To say that Baieido's Kobunboku is a surprising incense just doesn't do such a masterpiece justice. It continues to unfold a little after each listening experience like a teacher imparting a lesson of fragrance. It greets you like an old friend when you come back to it, then suddenly offers something new and unexpected - a hint of sweetness, a tang of spice.
Baieido refers to Kobunboku as the "expression of the plum tree" - but the fragrance is so much more than just a run of the mill plum blossom incense. Kobunboku is described as a blend of Sandalwood, Borneo, Cinnamon and Clove, with several variations of the Kobunboku blend available to form the foundation for Baieido's signature product line. But make no mistake - Baieido has a full product line built upon this centuries old formula for a reason that only listening will provide understanding.
The stick note is both spicy and cool - the Borneo topping a slightly sweet and spicy mixture in a rice paper lined box. Opening a box of Kobunboku is not something that can be done secretly - the stick announces itself even without burning. The box, with its bright red characters, golden branches, and white plumb blossoms, is reminiscent of the Ukiyo-e print of the Sleeping Dragon Plum in Kameido.
Lighting brings multiple notes that blend into an unique fragrance that is both a little sour, sweet, cool, and spicy - at times all at once and at times one note will triumph above the symphony only to retire and let a cool note be heard. This is not a modest blend that needs extensive burning to scent a room, but one that is full-bodied and expansive, probably accounting for Kobonboku's popularity as a meditation incense. The Sandalwood base is smooth and rich, forming a platform for the spices to take turns crafting a warm, complex tone. The cool note of the Borneo seems to drift above all the others like a high soft arpeggio of a string section. Yet all the while as the fragrance builds, the soft sweet/sour combination continues as a low melody. This is a complex incense that is as insistent upon being heard as it is being the perfect backdrop. Kobunboku is both the star and the background track at the same time.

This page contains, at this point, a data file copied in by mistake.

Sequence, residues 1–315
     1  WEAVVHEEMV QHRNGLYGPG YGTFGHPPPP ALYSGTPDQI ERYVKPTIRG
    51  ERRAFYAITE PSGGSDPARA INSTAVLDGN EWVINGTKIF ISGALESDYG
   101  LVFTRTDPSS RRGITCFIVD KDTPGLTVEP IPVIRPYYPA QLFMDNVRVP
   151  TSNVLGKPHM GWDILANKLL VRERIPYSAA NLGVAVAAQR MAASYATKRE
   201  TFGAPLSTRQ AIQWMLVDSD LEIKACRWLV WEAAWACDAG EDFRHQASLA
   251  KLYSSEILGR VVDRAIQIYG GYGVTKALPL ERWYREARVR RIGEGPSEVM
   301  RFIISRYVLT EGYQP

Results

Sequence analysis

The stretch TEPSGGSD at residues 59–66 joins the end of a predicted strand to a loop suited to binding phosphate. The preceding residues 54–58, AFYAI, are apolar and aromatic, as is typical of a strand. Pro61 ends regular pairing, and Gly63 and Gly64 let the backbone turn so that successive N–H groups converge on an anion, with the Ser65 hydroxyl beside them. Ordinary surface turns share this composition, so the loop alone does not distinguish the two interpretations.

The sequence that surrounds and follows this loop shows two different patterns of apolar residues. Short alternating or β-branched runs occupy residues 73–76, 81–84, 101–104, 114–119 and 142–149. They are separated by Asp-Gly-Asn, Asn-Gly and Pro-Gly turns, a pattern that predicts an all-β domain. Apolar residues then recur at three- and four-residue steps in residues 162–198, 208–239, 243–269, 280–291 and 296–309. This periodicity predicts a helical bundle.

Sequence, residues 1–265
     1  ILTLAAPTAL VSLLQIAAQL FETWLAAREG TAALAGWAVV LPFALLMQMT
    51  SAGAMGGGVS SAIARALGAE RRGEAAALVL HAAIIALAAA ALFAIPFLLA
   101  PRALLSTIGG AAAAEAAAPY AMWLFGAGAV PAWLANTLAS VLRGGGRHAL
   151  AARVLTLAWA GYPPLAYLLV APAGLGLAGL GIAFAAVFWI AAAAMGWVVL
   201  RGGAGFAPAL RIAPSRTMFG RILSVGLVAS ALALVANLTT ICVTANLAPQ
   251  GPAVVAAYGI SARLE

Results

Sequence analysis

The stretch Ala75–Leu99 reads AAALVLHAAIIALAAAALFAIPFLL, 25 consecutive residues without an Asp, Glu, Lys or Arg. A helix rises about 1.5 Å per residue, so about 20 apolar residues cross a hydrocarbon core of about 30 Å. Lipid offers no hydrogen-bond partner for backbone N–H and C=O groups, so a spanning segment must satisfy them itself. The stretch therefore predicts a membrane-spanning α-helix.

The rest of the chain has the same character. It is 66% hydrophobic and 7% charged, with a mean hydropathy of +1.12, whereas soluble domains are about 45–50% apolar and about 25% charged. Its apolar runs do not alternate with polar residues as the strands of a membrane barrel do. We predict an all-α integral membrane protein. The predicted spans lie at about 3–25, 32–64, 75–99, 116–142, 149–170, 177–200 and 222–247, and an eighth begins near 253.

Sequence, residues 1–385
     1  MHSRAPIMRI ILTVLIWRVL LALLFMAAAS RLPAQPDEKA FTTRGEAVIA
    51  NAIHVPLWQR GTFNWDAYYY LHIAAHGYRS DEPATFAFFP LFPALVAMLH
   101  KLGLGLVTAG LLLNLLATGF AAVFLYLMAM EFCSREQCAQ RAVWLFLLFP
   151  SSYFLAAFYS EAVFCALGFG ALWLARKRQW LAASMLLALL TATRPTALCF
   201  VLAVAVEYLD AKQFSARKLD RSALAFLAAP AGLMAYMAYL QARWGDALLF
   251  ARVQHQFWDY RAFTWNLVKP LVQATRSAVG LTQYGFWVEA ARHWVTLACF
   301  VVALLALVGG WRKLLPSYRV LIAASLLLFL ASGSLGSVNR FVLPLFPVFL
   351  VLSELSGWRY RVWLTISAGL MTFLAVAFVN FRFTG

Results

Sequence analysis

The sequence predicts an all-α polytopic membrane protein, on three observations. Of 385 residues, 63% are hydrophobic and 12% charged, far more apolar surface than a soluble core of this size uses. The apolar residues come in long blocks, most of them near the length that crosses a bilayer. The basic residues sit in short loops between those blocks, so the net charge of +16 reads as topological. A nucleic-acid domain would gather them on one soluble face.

The after-note is soft and sweet. The hints of coolness fade, as does the tang of the sourness expressed while burning. The result is a long lasting scenting of the space that is softly sweet like plum blossoms on the wind.
Overall Kobunboku is wonderful. Both sweet and sour - just as the plum tree - with a coolness like the breeze of an early spring day that sees the blossoms begin to open announcing the end of winter. Sadly, I have no plum trees in my garden. If this is the essence of their beautiful nature then my garden is lacking.
Outside my window, leaves fall with the cold rain.
Autumn ending, winter on its way.
Yet plum blossoms bloom, despite the view.